The Parker Urban

    Greetings to all of you. This is my first pen review and it is of the pen Parker Urban. I love this pen as for 50 dollars, I think it is a real STEAL. Appearance and design-9/10 This pen looks classy with black and gold trim. The peculiar shape of the pen has given it a plus point. I was planning to buy the premium one with all black trim and Tron lines all over. But ended up buying this one due to my love for classic pens with black and gold trim. One mark has been cut due to the nib trim. The whole pen has been furnished with gold except the nib. Otherwise a real looker. http://i1206.photobucket.com/albums/bb457/Adit1026/DSC_0008_zpse81w83in.jpg http://i1206.photobucket.com/albums/bb457/Adit1026/DSC_0006_zps8cabhpq6.jpg Construction and Quality-10/10 I believe this pen is made out of brass. Quality is awesome and I have never gotten any issues with it. Size and Weight-10/10 This pen is of the perfect size for me and fits very comfortably with a good amount of weight. Nib Design and Performance-10/10 The nib is a smallish nib but is paired perfectly with the pen's shape and tapered section. The performance is excellent and the nib is a champ. Ink flow is just perfect and writes like a true medium. It wrote perfectly out of the box unlike the Parker Vectors which need prayers for the nib to be smooth. http://i1206.photobucket.com/albums/bb457/Adit1026/DSC_0007_zpsfy0ncyqy.jpg http://i1206.photobucket.com/albums/bb457/Adit1026/DSC_0004_zpsfxlklhmq.jpg I removed the ink from the red Pilot Varsity that I have and filled it in the Parker cartridge instead. Overall-9.6/10 This pen is for anyone who wants a classy pen with a smooth nib. For about 50 dollars, you get a pen with a gift box and a cartridge. There is no converter though but it is better than the Lamy Al-Star which came with neither converter nor cartridge. I am very glad with my purchase. Thanks for reading my first review. Be sure to comment in the section and any questions are welcomed.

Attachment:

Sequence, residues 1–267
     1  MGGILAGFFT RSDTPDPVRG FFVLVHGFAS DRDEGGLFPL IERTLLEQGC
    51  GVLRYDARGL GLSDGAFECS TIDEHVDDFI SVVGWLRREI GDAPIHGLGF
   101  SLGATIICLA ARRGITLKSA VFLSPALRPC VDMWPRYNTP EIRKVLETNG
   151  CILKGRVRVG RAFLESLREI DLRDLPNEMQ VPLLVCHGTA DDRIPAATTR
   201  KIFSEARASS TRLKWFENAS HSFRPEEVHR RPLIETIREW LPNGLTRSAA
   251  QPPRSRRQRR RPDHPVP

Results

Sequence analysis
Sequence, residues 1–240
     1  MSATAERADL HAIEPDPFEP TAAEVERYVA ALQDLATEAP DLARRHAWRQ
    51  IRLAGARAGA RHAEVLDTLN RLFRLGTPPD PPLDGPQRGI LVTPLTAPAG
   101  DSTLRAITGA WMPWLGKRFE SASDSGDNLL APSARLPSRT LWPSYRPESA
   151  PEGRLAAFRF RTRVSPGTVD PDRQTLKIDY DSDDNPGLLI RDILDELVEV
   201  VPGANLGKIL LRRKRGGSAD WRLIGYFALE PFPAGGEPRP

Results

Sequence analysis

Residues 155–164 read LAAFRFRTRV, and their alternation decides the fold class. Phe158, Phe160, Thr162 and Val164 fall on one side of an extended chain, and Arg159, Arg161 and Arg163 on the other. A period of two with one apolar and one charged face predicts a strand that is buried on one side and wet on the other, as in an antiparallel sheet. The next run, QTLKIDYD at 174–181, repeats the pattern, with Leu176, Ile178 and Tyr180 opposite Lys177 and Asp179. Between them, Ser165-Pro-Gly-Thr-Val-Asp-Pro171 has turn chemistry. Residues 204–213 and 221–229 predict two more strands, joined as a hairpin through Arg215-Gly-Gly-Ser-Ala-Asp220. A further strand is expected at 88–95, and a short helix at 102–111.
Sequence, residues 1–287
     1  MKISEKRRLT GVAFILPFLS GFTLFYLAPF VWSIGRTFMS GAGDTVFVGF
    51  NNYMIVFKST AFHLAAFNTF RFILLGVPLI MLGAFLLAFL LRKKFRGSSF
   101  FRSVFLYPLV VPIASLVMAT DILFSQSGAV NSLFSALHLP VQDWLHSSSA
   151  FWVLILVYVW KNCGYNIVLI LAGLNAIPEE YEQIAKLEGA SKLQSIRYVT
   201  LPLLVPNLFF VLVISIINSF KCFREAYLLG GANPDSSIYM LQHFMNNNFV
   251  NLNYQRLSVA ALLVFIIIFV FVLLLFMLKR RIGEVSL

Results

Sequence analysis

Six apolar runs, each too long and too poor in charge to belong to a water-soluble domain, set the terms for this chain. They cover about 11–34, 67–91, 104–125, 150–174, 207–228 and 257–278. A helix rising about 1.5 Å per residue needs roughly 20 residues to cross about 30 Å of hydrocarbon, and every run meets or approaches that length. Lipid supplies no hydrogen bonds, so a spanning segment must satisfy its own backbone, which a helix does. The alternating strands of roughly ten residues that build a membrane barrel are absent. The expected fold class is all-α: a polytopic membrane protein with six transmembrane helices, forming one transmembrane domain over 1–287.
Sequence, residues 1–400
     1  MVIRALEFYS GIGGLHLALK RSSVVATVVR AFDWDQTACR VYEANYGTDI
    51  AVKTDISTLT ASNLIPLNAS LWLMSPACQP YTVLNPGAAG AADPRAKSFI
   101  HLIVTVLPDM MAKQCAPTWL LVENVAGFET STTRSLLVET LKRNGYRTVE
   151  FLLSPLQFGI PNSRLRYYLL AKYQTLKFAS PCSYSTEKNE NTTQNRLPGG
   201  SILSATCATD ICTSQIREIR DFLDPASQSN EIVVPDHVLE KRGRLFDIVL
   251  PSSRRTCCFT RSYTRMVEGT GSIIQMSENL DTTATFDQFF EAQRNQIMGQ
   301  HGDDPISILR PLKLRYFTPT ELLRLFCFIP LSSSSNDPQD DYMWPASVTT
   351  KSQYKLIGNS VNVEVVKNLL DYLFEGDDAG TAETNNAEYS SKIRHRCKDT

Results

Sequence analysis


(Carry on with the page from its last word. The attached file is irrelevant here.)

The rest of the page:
11. Hey guys, I need your advice!! I always liked the Parker Urban but didn't really think it was worth its 60 EUR price tag. I found a nice deal on ebay for 17,5 GBP + 6 GBP shipping (brand new) and thought I should go for it. The pen arrived today and although I would say that it is genuine, there are some things that bother me. A ) The pen arrived with a few small bumps/dings on the cap. They're not terribly visible but they're there and shouldn't be. B ) The pen arrived with a slide converter and no cartridge. I know that the Urban is supposed to come with a cartridge and no converter. The item description was ambiguous about that. At one point it says indeed that the pen comes with a converter and no cartridge and later on it mentions a half full packet of cartridges. C ) I contacted the seller to ask about the nib size (item description was ambiguous about that too) and although I was told I would get a M nib, I got a F instead. That's not really a problem as I would change the nib either way but I didn't like the misinformation. The seller (from Israel) does list some obviously fake pens among the authentic ones, but the packaging of this specific Urban seems genuine to me. The engraved date code is IIU, the seller lists the pen as made in India, and the manual has the Newell Rubbermaid logo on it. So, what do you think I should do with this pen? Should I return it? Should I ask for a partial refund and if so how much would you ask for? Or should I just accept it as I got a really good deal either way?